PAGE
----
Just Float – A Conversation with Mayumi Hosokura
A young woman sniffles and wipes her nose with her hand. The gesture is utterly disarming. It makes her look so young, so vulnerable. But what on earth is she doing out there? Has she injured herself by moving through that desolate landscape? Or worse, has someone else hurt her? The scene shifts. A young man casts a glance over his shoulder. He looks uncertain. His body is partially hidden in the shadows of the surrounding foliage. A sense of discomfort creeps up on me. Who is he? Why is he hiding?
The scene shifts again. Another young man is submerged in water, an eerie light cast over his face. Is he swimming? Is he drowning? Should I intervene? But suddenly he is standing elsewhere, looking at his feet, surrounded by a broiling fog. The darkness is as black as night, as blue as the cobalt sea. It is the dead of the night, it is the graveyard shift. Despite the obscurity of the scene, everything seems pin sharp, every detail visible. And the young man is inevitably, inexorably slipping out of my grasp, receding into the mist.
I love photography, because I can live vicariously through it. It is a gateway to other worlds, real or imagined.
Once I was asked why I take pictures. Weighing my words carefully, I answered that by capturing photographs I had a reason to do things, to go places, to meet people. It was an excuse to venture into unknown territory. Years later I was asked why I love photography in general. I mulled it over, but at the time I could not really provide a satisfactory explanation. But looking at Mayumi Hosokura’s images the penny finally dropped. I love photography, because I can live vicariously through it. It is a gateway to other worlds, real or imagined.
I first became aware of Hosokura’s work when her portfolio KAZAN was published in Foam Magazine’s Talent Issue in 2011. At first her work had me dumbfounded, at a loss what to think of it. But I returned to her work time and again, and slowly I fell in love with it. Taking into consideration that Hosokura’s main topics are eternal youth and timelessness, this is probably the only way to approach her work. There is no instant gratification to be had. Instead we are gently beckoned in. Slowly we become mesmerized by the images. There is a patience to her photographs, a stillness that rewards the viewer again and again for spending more time with her work than just having a brief look. This was also my reason for approaching the artist and talking in detail with her about her practice.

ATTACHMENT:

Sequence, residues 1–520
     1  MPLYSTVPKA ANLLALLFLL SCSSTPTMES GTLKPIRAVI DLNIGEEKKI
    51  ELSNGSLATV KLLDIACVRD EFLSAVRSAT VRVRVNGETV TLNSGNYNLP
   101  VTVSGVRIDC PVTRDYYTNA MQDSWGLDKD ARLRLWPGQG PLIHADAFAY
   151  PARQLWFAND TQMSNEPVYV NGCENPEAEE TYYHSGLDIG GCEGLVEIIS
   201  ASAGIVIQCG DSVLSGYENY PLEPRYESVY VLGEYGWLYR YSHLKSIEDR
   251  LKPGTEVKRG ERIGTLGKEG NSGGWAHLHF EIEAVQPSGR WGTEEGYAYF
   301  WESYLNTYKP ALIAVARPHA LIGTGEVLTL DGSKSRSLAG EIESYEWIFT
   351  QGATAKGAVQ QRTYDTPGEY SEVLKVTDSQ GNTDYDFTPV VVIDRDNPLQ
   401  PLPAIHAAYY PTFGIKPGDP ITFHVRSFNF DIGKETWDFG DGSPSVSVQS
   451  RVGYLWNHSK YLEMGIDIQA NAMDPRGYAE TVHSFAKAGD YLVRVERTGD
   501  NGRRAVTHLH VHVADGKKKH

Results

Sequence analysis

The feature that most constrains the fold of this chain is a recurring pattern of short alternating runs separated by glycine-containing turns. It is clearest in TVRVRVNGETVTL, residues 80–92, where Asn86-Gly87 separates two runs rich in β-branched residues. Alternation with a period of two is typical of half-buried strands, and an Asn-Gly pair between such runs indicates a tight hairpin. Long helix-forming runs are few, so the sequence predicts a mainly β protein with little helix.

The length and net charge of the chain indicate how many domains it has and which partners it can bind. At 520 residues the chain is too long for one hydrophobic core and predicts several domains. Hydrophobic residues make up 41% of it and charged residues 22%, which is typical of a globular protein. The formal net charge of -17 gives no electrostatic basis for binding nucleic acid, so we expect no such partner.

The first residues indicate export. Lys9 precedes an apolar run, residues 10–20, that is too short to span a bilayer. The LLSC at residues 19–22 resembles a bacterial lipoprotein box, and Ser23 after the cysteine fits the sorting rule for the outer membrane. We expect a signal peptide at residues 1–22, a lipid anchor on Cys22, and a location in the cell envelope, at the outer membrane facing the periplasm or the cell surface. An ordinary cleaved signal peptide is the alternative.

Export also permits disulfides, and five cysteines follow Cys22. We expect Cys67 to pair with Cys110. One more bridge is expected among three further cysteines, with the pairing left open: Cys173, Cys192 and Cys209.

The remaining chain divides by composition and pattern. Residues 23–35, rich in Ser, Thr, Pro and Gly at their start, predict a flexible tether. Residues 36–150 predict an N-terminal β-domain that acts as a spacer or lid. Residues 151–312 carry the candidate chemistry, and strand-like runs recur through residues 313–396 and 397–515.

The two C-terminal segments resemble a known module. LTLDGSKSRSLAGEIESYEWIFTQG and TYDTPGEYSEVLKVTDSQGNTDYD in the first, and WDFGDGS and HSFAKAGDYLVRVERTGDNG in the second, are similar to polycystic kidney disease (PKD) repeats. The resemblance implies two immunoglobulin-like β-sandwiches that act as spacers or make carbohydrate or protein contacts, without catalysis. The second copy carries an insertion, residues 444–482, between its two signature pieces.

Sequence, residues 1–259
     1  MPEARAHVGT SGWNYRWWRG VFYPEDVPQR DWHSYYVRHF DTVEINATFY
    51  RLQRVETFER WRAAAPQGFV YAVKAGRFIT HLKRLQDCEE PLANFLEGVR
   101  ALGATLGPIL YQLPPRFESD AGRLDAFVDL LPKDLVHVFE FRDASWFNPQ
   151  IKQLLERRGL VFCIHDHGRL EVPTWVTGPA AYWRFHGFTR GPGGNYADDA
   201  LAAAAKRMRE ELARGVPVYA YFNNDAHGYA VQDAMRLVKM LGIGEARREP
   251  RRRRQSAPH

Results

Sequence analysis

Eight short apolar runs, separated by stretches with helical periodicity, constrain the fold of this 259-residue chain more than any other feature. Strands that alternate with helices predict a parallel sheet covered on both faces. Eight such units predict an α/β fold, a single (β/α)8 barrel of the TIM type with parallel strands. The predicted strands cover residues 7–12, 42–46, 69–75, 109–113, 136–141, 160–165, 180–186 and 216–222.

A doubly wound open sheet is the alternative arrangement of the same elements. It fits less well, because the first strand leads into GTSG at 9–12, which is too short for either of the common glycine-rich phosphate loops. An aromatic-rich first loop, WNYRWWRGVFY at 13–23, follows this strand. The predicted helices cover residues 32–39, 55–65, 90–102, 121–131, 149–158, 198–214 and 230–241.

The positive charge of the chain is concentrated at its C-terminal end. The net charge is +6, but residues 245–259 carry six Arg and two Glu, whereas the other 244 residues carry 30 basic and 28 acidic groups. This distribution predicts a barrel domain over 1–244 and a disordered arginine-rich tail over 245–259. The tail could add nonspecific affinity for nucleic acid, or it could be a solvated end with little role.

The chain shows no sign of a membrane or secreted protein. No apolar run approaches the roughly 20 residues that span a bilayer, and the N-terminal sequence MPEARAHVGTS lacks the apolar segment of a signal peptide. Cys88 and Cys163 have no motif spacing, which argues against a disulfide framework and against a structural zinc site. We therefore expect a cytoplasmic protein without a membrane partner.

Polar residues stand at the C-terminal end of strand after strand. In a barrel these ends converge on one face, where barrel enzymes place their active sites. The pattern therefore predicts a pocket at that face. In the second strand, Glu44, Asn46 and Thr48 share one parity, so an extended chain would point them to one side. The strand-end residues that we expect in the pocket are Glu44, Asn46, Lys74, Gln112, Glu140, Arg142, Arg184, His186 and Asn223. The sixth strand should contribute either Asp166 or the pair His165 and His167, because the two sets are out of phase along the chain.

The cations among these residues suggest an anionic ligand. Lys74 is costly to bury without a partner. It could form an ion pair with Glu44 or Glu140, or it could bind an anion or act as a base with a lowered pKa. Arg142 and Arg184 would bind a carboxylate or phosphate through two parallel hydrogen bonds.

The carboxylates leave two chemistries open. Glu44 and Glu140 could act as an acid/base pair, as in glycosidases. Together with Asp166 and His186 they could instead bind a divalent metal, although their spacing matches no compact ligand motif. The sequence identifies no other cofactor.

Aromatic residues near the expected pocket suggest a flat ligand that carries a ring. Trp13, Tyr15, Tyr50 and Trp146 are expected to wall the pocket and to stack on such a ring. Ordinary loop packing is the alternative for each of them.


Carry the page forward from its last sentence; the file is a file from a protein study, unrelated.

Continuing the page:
KB: Can you tell me something about your early work Mapping and florlite? What are the concepts underlying these series? And how do florlite and Mapping relate to KAZAN?
MH: Mapping is the very first series of my career. My photographic practice at the time was to take snap shots of every day life. I was influenced by Hiromix, a legendary Japanese photographer of the 1990s. I was also inspired by Wolfgang Tillmans’ snap shots. I wanted to capture the atmosphere of everyday life at the start of the 21st century through snap shots.